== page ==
Like my recent foray into Google’s Picasa/Eye-Fi deal, Google Public DNS is yet another Google offering that sounded good but wasn’t quit right for me. Like Picasa, Google DNS will stay on my radar and I’ll check it out sometime down the road. Anyone else trying Google Public DNS?

Google Wants Our Photos In The Cloud

image of a compact=Google currently has a deal going that offers a free Eye-Fi card when you lease 200GB of storage for them for a year. When I first saw it it seemed like a pretty good deal, and I hate to pass up a good deal. But it’s less of a deal if I don’t really need the space and won’t use the card. So that got me thinking about my options.

The space is split between Gmail and Picasa. I’m not even close to my Gmail limit and I’m not currently a Picasa user. In theory there’s also some unofficial hacks that allow the space to be used for file storage, like gDisk for the Mac. But I’m not willing to trust something Google may break at anytime so it’s not a consideration. What I’d be looking to use the disk for is to back up my photos. Right now I have just under 20GB of photos and it costs me less than $3/mth to keep them backed up offsite. So that’s $36/year, still shy of the $50.

But that assumes I could easily save everything up to Picasa and I found that wouldn’t be possible. The Picasa 3 desktop allows automatic syncing of it’s albums to albums on Picasa web albums. But this proved to be problematic and not a better solution than plain old backup via Jungle Disk. The deal-breakers were:

  • Picasa is limited to 1,000 albums with up to 1,000 photos in each album. This sounds like a lot but the 1,000 album limit is a deal breaker for me. I keep my files in a directory structure and the number of directories already exceed 1,000. I don’t want to do any drag or dropping to create new albums just for syncing since that’s prone to error. Sure, I have plenty of directories with one or two photos, but I don’t want to re-organize everything , I’m set in my ways.
  • Deleting entire albums from Picasa desktop did not delete the album from the web. Photos within albums deleted just fine. Deleting all pictures in a folder automatically deleted the folder so it’s not like I could keep the folder behind until it synced the deletions.
  • RAW image files were synced to the web as jpg’s so it wouldn’t be a true backup.

While a lot of people like Picasa, there was nothing that caught my attention and would compel me to use it. I’ll keep looking at it and may yet find some compelling feature, but for now I’d have a hard time justifying 200GB for Picasa. Realistically I’d be better off with a lower priced plan.

Then there’s the Eye-Fi card. If it was worth the cost then I could consider $50 for the card and the Google storage as the free product. The version offered is the Eye-Fi Home Video which has a list price of $69. I don’t find it online anywhere for a street price. The closest card is the Eye-Fi Share Video which sells for $73 at Amazon. If I had to guess I’d say the “catch” is that that since the Home Video card doesn’t typically include any online component the only online options are Picasa and YouTube. These are the only online services specifically mentioned in the offer. The Share Video allows sharing with more services. Other, more expensive, cards include geo tagging photos which would add a potentially useful feature.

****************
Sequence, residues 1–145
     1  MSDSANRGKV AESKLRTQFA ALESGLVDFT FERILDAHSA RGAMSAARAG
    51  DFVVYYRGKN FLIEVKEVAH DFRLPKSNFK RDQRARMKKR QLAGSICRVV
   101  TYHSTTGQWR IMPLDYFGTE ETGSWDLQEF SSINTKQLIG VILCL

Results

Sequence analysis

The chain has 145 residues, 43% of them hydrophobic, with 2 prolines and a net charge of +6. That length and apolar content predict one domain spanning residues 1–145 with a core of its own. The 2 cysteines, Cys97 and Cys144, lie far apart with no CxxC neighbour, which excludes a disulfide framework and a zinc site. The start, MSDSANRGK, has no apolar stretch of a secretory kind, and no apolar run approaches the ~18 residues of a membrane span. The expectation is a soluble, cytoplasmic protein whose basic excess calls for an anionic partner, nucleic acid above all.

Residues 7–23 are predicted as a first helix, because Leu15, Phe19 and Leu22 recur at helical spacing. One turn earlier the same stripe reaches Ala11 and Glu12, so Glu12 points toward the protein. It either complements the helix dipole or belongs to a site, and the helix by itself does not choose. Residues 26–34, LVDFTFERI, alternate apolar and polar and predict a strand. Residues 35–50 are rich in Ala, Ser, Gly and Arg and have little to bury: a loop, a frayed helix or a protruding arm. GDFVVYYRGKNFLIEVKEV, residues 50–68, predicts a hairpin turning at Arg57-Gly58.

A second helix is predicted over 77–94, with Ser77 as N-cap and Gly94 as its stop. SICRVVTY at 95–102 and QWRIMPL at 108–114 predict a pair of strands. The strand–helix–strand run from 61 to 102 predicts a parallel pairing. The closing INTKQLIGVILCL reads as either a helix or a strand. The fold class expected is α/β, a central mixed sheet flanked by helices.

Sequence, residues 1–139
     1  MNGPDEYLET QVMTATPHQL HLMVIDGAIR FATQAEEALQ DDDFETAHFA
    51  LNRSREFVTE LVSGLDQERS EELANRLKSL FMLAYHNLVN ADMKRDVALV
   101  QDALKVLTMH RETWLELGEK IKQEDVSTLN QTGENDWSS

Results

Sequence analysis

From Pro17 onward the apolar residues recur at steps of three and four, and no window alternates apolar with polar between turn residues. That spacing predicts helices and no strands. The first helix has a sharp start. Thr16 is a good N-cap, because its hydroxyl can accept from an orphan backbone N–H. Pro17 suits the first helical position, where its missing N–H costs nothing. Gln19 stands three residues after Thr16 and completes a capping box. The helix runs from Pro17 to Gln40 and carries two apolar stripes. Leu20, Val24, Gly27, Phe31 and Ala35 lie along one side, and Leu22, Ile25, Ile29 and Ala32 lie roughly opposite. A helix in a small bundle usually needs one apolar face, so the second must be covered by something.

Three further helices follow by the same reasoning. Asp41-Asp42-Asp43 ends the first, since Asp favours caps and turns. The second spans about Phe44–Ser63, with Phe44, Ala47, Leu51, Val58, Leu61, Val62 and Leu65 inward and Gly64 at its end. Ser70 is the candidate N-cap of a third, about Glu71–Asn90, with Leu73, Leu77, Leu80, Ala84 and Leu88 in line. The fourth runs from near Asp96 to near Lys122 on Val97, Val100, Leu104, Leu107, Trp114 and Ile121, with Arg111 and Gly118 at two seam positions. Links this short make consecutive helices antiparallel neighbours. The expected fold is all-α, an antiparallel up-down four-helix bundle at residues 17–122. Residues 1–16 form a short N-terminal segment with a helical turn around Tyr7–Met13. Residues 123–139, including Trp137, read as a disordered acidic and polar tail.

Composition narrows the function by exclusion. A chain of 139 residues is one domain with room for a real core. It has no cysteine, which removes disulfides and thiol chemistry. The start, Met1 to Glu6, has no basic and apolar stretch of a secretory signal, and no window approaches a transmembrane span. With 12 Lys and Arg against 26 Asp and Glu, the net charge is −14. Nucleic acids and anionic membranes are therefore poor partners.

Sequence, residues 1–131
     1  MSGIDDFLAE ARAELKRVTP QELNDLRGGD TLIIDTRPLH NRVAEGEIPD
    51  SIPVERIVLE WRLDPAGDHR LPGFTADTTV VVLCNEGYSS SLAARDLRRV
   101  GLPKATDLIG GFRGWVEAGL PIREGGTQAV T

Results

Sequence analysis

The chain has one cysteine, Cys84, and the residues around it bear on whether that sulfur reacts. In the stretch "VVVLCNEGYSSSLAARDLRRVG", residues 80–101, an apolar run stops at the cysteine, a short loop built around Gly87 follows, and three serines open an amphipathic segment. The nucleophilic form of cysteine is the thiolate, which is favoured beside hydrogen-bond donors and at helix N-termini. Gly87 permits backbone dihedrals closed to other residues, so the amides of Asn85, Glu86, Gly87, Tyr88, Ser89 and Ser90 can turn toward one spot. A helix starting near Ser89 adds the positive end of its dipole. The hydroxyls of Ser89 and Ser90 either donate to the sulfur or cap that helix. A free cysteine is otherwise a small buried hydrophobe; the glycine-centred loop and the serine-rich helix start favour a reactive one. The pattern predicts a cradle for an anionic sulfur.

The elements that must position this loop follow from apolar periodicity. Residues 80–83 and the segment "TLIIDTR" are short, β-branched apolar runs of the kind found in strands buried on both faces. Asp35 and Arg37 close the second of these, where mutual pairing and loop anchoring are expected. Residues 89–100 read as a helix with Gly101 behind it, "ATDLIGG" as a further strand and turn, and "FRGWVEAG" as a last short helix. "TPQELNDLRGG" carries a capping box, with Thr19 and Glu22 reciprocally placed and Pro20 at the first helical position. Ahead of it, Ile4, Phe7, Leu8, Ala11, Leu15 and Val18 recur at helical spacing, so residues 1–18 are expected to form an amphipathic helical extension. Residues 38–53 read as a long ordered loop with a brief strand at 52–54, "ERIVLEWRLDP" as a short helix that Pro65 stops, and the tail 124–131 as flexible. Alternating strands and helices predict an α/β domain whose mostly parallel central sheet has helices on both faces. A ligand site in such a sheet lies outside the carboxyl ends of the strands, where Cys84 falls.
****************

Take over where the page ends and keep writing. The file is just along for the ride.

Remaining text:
I like the idea of being able to automatically load pictures from my camera to my PC automatically, but the Wi-Fi card doesn’t offer anything else that’s compelling to me.

So while the Google/Wi_fi offer does seem like a good deal I’m not yet convinced it’s worth $50 to me. I’m still intrigued by Picasa and the web album component so I’ll keep considering it.

I also decided to looks at some alternatives:

  • SmugMug offers online albums along with a “SmugVault” that can be used to store any type of file (such as RAW files) but it’s a subscription service and would cost more than what I have now.
  • The old standby Flickr is $25/yr for unlimited storage. Still, it’s not a good solution for backup. There are plenty off Flickr add-ins and plug-ins so I could probably find one to do syncing, but it still wouldn’t be a true backup.
  • I already use Windows Live Photo Gallery to organize my photos and like it. Plus there’s a free 25GB for online photo albums. But like the others, it’s lacking as a backup solution.

So, the bottom line is Jungle Disk remains the way I backup my photos. I’m really not surprised since it’s cheap and easy. Picasa still has my attention if I want to do some online albums and the Eye-Fi card would offer some convenience. But I’d probably want the version that does geo tagging (although I haven’t done any research to see how well it does that). I may spend the $50 bucks in a moment of weakness since it is a good deal, but for now I won’t be clicking the button to upgrade storage and order the card.